1. eskie meganehtan
  2. boy 3sg.Obj...
  3. "The boy saw/looked at her"

Subordinate clauses are marked with an -i or suffix and appear before the independent clause, as in the following example:

"While he was eating he was watching us."

  1. etsedzi gugā́nehtān
  2. etsedz-i gugā́nehtān
  3. 3sg.eat-[Sub. clause] 3.sg.was watching us

The available literature on Kaska makes no mention of applicatives, relatives or complements, and case marking appears restricted to nominative (subject), accusative (object) and the various forms of locative case marking conveyed through directional morphemes.


With around 200 speakers as of 2011, the Ethnologue lists Kaska as Status 7 (shifting). It is mostly Kaska Dena Elders who are the fluent speakers[4] despite four communities (Good Hope Lake, Lower Post, Watson Lake and Ross River) where the language is taught in schools.[9] Kaska Dena children are not learning to be fluent because many families do not use the Kaska language at home.[5] The Kaska Dena people recognize the importance in revitalizing the Kaska language and have worked towards building Kaska language written and oral materials as well as programs such as culture camps and training programs.[10]

See also


  1. ^ "Aboriginal Ancestry Responses (73), Single and Multiple Aboriginal Responses (4), Residence on or off reserve (3), Residence inside or outside Inuit Nunangat (7), Age (8A) and Sex (3) for the Population in Private Households of Canada, Provinces and Territories, 2016 Census - 25% Sample Data". www12.statcan.gc.ca. Government of Canada. Retrieved 2017-11-23.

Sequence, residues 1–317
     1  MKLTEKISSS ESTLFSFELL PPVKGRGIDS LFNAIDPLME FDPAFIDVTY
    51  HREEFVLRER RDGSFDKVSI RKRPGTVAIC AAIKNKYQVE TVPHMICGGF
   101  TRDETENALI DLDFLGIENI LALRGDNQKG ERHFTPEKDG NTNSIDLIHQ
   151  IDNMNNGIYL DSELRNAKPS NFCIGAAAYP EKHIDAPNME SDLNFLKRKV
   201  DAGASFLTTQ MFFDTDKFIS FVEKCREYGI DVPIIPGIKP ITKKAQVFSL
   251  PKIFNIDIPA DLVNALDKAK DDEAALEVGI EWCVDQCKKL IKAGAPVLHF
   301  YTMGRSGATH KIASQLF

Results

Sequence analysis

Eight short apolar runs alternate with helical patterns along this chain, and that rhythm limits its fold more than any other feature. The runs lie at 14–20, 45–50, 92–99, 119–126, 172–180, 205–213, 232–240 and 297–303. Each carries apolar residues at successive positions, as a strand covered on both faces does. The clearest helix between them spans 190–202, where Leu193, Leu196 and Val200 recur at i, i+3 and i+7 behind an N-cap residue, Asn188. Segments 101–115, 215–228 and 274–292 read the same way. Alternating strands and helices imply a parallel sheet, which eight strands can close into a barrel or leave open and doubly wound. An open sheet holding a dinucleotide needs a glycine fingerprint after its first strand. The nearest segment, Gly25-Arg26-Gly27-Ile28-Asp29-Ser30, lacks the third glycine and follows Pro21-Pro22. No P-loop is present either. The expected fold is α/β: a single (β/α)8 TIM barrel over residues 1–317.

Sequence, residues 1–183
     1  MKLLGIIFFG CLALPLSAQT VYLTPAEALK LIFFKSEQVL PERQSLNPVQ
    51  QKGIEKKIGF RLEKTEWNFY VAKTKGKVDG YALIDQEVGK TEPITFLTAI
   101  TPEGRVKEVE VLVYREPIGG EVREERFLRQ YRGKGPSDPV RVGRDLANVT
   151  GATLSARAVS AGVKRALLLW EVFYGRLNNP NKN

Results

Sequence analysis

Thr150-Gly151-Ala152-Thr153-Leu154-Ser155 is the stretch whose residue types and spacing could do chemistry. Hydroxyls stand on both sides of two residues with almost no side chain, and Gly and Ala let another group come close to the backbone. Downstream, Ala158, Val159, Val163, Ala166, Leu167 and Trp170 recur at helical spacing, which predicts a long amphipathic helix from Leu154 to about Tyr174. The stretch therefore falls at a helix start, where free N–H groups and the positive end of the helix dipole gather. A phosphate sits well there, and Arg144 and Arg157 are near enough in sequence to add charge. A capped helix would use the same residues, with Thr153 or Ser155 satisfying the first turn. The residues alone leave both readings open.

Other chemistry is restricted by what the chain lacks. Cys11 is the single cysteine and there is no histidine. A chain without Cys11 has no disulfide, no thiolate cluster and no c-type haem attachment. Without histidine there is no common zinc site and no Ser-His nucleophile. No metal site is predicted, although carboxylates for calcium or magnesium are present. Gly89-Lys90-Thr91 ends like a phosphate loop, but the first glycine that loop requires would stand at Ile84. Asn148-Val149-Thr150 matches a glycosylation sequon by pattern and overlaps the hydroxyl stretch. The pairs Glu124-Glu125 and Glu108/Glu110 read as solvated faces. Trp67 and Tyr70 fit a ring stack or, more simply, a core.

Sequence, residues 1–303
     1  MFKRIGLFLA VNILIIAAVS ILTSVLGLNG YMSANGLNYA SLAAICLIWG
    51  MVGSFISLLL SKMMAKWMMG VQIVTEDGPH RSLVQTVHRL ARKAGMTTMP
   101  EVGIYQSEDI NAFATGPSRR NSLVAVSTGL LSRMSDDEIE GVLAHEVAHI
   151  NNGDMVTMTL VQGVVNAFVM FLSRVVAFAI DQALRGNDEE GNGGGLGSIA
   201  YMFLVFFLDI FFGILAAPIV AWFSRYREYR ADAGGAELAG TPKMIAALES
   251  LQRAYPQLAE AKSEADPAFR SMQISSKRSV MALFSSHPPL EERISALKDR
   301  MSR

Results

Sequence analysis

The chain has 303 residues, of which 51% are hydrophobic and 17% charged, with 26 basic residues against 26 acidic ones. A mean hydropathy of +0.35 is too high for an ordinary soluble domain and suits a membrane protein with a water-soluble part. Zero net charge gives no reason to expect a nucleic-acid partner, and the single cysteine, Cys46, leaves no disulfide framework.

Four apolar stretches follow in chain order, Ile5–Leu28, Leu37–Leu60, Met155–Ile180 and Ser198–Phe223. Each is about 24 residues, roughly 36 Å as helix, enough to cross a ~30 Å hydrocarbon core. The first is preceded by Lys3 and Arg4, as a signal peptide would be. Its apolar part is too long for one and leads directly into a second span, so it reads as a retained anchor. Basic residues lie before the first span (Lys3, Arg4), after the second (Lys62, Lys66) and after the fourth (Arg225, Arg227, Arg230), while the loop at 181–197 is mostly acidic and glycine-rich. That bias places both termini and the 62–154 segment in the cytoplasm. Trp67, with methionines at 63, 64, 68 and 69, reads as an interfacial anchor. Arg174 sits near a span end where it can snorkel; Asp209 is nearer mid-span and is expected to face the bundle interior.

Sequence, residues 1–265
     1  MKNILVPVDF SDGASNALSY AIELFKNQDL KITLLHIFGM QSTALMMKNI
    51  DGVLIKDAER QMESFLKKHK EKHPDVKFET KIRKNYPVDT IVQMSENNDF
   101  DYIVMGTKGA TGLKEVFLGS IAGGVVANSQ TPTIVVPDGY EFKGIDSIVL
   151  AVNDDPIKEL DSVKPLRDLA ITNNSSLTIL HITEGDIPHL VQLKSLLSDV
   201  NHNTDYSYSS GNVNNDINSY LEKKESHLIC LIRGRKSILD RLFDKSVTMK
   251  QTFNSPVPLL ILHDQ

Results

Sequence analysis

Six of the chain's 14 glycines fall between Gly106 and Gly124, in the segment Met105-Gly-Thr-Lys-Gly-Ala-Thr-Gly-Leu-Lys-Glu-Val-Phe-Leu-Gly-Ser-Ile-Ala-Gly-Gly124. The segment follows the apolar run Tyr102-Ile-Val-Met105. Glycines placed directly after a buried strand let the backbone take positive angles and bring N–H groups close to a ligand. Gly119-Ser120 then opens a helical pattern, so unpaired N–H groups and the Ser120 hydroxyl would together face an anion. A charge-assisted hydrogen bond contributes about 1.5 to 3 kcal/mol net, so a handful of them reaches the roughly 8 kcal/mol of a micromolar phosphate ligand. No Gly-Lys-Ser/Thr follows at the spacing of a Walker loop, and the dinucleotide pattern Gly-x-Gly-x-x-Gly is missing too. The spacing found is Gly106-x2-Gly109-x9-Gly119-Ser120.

2. ^ Canada, Government of Canada, Statistics. "Aboriginal Language Spoken at Home (90), Single and Multiple Responses of Language Spoken at Home (3), Aboriginal Identity (9), Registered or Treaty Indian Status (3) and Age (12) for the Population in Private Households of Canada, Provinces and Territories, Census Metropolitan Areas and Census Agglomerations, 2016 Census - 25% Sample Data". www12.statcan.gc.ca. Retrieved 2018-05-10.
  3. ^ a b c Moore, J. P. (2003). "Lessons on the Land: The Role of Kaska Elders in a University Language Course". Canadian Journal of Native Education. 27. No. 1: 127–139. ProQuest 230305886.
  4. ^ a b c d e f Farnell, G. (2014). The Kaska Dene: A study of Colonialism, Trauma and Healing in Dene Kēyeh. The University of British Columbia. [1]
  5. ^ a b c d Meek., A. B. (2010). We Are Our Language. An Ethnography of Language Revitalization in a Northern Athabaskan Community. Tucson, Az.: The University of Arizona Press. pp. 1–40.
  6. ^ a b Meek, A. B. (2001). Kaska Language Socialization, Acquisition and Shift. The University of Arizona.[2]
  7. ^ "Archived copy" (PDF). Archived from the original (PDF) on 2016-03-05. Retrieved 2014-02-10.CS1 maint: archived copy as title (link) O'Donnell, Meghan. "INFLECTIONAL AFFIXES & CLITICS IN KASKA (NORTHERN ATHABASKAN)". Coyote Papers XIII: Papers Dedicated to the Indigenous Languages of the Americas, p. 41-74. University of Arizona, 2004. PDF file.
  8. ^ a b [3] Moore, Patrick James. "Point of view in Kaska historical narratives". Indiana University, ProQuest, UMI Dissertations Publishing, 2003. PDF file.
  9. ^ Lewis, M. Paul, Gary F. Simons, and Charles D. Fennig (eds.). 2014. Ethnologue: Languages of the World, Seventeenth edition. Dallas, Texas: SIL International. Online version: http://www.ethnologue.com.
  10. ^ Meek, A. B., Messing, J. (2007). "Framing Indigenous Languages a Secondary to Matrix Languages". 2. 38 (2): 99–118. JSTOR 25166611.

Further reading

  • Kaska Tribal Council. Guzāgi k'ū́gé': our language book : nouns : Kaska, Mountain Slavey and Sekani. [Watson Lake, Yukon]: Kaska Tribal Council, 1997. ISBN 0-9682022-0-9